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Word formation


Below follows a list of suffixes. Please note that if the stem ends in a particular consonant, it is changed before the suffixes -ji, -ka, -ko, -nik, -ny, -ok, -sky and -stvo, as follows:

  • k/c > č (e.g. ruka > ručny)
  • g > ž (e.g. kniga > knižka)
  • h > š (e.g. muha > mušji)

On the other hand, the soft consonant nj hardens before -nik and -ny.

Suffixes starting with -o- change to -e- when following a soft consonant:

  • byk + -ok > byček
  • konec + -ovy > koncevy
  • noč + -ovati > nočevati

Noun to noun

  • Diminutives are formed as follows:
    • masculine words on a hard consonant have the suffix -ok: pes „dog” > pesok (gen. peska) „doggy”
    • masculine words on a soft consonant have the suffix -ik or -ek: muž „man” > mužik „little man”
    • feminine words add the suffix -ka to the word stem: kniga „book” > knižka „booklet”
    • neuter words add the suffix -ko to the word stem: polje „field” > poljko „small field”
  • To derive abstract qualities from names of persons, the suffix -stvo is used: prijatelj „friend” > prijateljstvo „friendship”, muž „man” > mužstvo „manhood”
  • A place described as a preposition in combination with the name of another place usually has the ending -je: morje „sea” > primorje „land by the sea”, brjuh „belly” > podbrjušje „underbelly”
  • A more general place indicator is the ending -išče: voz „wagon, car” > vozišče „parking lot”, ogonj „fire” > ognišče „fireplace, hearth”
  • To derive the person who is in charge of something or who is handling something, or the object that contains something, the suffix -nik is used: glava „head” > glavnik „boss, chief”, kabel „cable” > kabelnik „cable guy”, kniga „book” > knižnik „book case”
  • To derive the person who is without something, we use a combination of the prefix bez- and the suffix -nik: Bog „God” > bezbožnik „godless person”
  • The inhabitant of a country, region or city has the ending -ec (sometimes -an(in)): Albanija > Albanec „Albanian”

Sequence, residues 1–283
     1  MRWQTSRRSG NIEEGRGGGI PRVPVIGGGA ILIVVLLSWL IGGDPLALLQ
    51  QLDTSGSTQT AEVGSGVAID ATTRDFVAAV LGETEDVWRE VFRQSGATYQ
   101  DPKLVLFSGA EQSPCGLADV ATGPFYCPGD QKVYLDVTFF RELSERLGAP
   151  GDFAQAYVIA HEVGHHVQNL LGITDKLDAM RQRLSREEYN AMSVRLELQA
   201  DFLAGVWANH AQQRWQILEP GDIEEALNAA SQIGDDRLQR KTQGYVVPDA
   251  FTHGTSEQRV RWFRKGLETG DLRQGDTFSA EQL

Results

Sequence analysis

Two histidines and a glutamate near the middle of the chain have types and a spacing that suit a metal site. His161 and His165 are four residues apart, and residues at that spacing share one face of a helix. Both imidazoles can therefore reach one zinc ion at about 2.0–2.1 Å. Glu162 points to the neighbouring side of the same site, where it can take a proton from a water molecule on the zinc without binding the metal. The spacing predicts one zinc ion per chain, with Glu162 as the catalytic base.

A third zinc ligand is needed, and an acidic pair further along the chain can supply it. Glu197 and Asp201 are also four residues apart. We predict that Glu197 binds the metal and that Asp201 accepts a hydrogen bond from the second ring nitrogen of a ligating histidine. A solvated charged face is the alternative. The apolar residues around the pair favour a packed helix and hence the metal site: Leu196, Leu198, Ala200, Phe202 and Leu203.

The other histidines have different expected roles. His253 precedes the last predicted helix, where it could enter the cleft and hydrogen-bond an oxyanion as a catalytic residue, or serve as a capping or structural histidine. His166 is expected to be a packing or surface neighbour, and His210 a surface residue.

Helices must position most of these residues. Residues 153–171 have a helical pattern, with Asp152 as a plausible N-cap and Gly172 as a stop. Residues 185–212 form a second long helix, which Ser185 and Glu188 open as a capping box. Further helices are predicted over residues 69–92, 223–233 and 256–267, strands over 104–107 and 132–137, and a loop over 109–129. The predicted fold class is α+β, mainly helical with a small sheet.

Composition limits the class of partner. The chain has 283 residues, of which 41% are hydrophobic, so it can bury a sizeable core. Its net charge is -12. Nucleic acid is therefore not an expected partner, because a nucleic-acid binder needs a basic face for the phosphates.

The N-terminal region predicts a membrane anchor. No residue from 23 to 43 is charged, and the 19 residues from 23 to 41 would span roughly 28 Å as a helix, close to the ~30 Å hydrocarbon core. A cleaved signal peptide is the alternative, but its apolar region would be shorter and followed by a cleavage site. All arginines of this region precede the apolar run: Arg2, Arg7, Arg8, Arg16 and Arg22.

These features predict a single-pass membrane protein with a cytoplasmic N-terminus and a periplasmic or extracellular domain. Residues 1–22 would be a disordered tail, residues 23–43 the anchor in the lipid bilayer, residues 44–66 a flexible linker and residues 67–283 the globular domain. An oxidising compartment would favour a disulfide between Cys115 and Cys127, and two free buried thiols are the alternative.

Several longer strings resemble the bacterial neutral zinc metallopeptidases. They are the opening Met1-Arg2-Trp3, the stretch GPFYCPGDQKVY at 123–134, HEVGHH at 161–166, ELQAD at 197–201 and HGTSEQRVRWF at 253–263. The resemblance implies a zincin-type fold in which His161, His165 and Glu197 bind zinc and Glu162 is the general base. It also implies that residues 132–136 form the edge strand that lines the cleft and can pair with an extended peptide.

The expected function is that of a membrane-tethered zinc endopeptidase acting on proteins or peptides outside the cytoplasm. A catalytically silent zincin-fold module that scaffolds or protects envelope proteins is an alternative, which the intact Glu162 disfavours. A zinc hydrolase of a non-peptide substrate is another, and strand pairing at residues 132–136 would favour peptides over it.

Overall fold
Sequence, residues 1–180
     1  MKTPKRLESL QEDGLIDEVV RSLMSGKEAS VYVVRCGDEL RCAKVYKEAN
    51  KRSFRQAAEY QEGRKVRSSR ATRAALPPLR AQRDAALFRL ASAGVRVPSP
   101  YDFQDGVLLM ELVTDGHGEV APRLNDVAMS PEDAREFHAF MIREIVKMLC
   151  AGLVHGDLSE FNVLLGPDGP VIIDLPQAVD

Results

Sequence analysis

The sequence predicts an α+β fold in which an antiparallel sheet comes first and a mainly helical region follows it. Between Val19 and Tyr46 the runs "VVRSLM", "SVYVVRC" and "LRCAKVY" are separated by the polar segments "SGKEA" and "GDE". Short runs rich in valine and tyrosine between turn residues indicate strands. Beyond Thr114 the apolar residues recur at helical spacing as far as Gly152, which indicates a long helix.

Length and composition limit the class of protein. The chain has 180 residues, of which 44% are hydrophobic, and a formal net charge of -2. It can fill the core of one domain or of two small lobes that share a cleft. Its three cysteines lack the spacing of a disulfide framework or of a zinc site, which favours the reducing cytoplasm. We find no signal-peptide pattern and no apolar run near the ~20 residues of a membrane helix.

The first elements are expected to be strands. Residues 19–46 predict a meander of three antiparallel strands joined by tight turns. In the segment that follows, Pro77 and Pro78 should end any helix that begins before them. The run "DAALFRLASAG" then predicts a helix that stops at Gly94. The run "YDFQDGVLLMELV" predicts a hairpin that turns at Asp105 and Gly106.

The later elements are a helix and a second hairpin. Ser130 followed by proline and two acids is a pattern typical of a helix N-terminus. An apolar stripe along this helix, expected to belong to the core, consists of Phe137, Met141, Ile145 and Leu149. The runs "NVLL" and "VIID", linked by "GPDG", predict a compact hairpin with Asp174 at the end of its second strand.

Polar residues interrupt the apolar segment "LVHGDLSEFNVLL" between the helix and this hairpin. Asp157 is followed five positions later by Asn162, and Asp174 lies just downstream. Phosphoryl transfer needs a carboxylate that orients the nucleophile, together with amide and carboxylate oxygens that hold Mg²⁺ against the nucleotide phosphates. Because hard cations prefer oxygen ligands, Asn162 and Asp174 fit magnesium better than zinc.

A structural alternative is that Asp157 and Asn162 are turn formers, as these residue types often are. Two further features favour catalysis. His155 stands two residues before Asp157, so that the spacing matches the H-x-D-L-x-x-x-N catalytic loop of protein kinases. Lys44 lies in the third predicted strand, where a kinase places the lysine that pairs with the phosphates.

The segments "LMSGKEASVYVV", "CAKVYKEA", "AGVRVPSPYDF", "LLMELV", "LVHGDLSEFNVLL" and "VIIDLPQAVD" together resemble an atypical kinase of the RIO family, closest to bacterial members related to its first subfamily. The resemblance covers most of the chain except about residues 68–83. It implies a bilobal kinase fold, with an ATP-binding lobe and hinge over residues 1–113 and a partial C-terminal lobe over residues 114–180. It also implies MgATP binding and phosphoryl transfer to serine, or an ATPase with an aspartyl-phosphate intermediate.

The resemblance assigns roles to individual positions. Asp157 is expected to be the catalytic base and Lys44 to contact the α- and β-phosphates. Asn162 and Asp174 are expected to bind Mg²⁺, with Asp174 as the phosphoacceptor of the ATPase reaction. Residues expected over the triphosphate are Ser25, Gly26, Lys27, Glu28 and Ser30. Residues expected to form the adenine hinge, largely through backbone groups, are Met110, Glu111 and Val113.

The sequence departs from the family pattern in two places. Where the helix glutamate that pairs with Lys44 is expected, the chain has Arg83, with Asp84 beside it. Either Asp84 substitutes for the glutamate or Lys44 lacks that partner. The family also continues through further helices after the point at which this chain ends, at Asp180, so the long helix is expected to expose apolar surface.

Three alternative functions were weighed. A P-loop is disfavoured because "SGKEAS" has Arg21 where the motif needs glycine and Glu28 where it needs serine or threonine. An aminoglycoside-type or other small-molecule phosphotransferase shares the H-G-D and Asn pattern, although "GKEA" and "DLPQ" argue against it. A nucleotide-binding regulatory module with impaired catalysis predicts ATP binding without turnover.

• The female equivalent of the endings -nik and -ec is -nica and -ica respectively: rada „council” > radnik „counsellor” > radnica „female counsellor”; Albanec „Albanian” > Albanica „Albanian woman”
  • In other cases, we rather use the ending -ka for female equivalents of male persons: prijatelj „friend” > prijateljka „girl friend”, gradžanin „citizen”, gradžanka „female citizen”
  • A baby animal is usually derived by adding -e to the name of the animal, resulting in a neuter noun of the -et- class: kot „cat” > kote „kitten”, jelenj „deer” > jelene „fawn”

Adjective to noun

  • To derive an abstract quality from an adjective, the suffix -ost is used: dobry „good” > dobrost „goodness”
  • A person who represents the quality expressed by an adjective often has the ending -ec (fem. -ica): glupy „stupid” > glupec „stupid person, fool”, izgnany „banished, expelled” > izgnanec „exiled person, exile”
  • The place indicator -išče can be used with adjectives, too: mokry „wet” > mokrišče „wetland, swamp”, tajny „secret” > tajnišče „secret place”
  • An adjective can also function as a noun, remaining unchanged: běly „white” > běly „a white one”

Verb to noun

  • To derive the name of a person occupied with an activity denoted by the original verb, the suffix -telj is used: učiti „to teach” > učitelj „teacher”
  • Professions are often expressed with the ending -ač or -ar: kovati „to forge” > kovač „blacksmith”, krojiti „to cut” > krojač „tailor”, pekti „to bake” > pekar „baker”
  • The place indicator -išče can be used with verbs, too (often based on the L-participle): igrati „to play” > igrališče „playground”, žiti „to live” > žilišče „domicile, dwelling place”
  • The act itself is represented by the verbal noun (gerund), ending on -nje, sometimes -tje dělati „to do, to make” > dělanje „doing, making”, žiti „to live” > žitje „life”

Adjective to adjective

  • For comparatives and superlatives, see under adjectives
  • To change the meaning of an adjective into the opposite, use the prefix ne-: dobry „good” > nedobry „not good”
  • To intensify the meaning of an adjective, the prefix prě-, meaning „very” or „too” can be used: umorjeny „tired” > prěumorjeny „deadly tired, exhausted”
  • To weaken the meaning of an adjective, the suffix -ovity is used: zeleny „green” > zelenovity „greenish”

Noun to adjective

  • Adjectives (in the sense of: pertaining to something) are derived from nouns by means of three suffixes: -sky if the original noun is a geographical name or entity, or a person (usually a profession), -ji in the case of animals, other persons or divine entities, or -ny (in other cases): žena „woman” > žensky „female, feminine”, morje „sea” > morsky „related to the sea”, člověk „human, person” > člověčji „human”, konj „horse” > konji „horse's”, noč „night” > nočny „nocturnal, night-”, pismo „letter, script” > pisemny „written, in writing” There can be a few irregularly formed adjectives, too.
  • To derive an adjective that expresses the material something is made of, the suffix -ěny can be used: drěvěny „wooden”, steklěny „made of glass”
  • To derive an adjective that expresses „having the characteristics of”, the suffix -ovy (-evy) can be used: pomaranča „orange (fruit)” > pomarančevy „orange (colour)”
  • To derive an adjective that expresses similarity to something, the suffix -ovity (-evity) is used: malpa „monkey” > malpovity „ape-like”